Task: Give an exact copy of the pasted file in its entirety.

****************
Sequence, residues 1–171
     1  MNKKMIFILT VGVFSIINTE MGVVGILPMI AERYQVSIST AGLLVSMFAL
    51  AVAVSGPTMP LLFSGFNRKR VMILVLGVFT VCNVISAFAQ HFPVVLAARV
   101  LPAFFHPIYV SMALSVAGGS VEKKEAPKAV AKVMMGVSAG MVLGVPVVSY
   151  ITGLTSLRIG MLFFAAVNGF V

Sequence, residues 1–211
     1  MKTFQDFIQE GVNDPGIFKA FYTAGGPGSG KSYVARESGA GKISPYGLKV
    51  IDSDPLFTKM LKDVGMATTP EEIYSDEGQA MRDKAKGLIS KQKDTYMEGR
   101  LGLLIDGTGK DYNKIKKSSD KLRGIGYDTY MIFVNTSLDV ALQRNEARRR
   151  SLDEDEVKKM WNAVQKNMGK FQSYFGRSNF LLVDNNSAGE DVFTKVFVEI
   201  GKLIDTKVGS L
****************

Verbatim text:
Sequence, residues 1–171
     1  MNKKMIFILT VGVFSIINTE MGVVGILPMI AERYQVSIST AGLLVSMFAL
    51  AVAVSGPTMP LLFSGFNRKR VMILVLGVFT VCNVISAFAQ HFPVVLAARV
   101  LPAFFHPIYV SMALSVAGGS VEKKEAPKAV AKVMMGVSAG MVLGVPVVSY
   151  ITGLTSLRIG MLFFAAVNGF V

Sequence, residues 1–211
     1  MKTFQDFIQE GVNDPGIFKA FYTAGGPGSG KSYVARESGA GKISPYGLKV
    51  IDSDPLFTKM LKDVGMATTP EEIYSDEGQA MRDKAKGLIS KQKDTYMEGR
   101  LGLLIDGTGK DYNKIKKSSD KLRGIGYDTY MIFVNTSLDV ALQRNEARRR
   151  SLDEDEVKKM WNAVQKNMGK FQSYFGRSNF LLVDNNSAGE DVFTKVFVEI
   201  GKLIDTKVGS L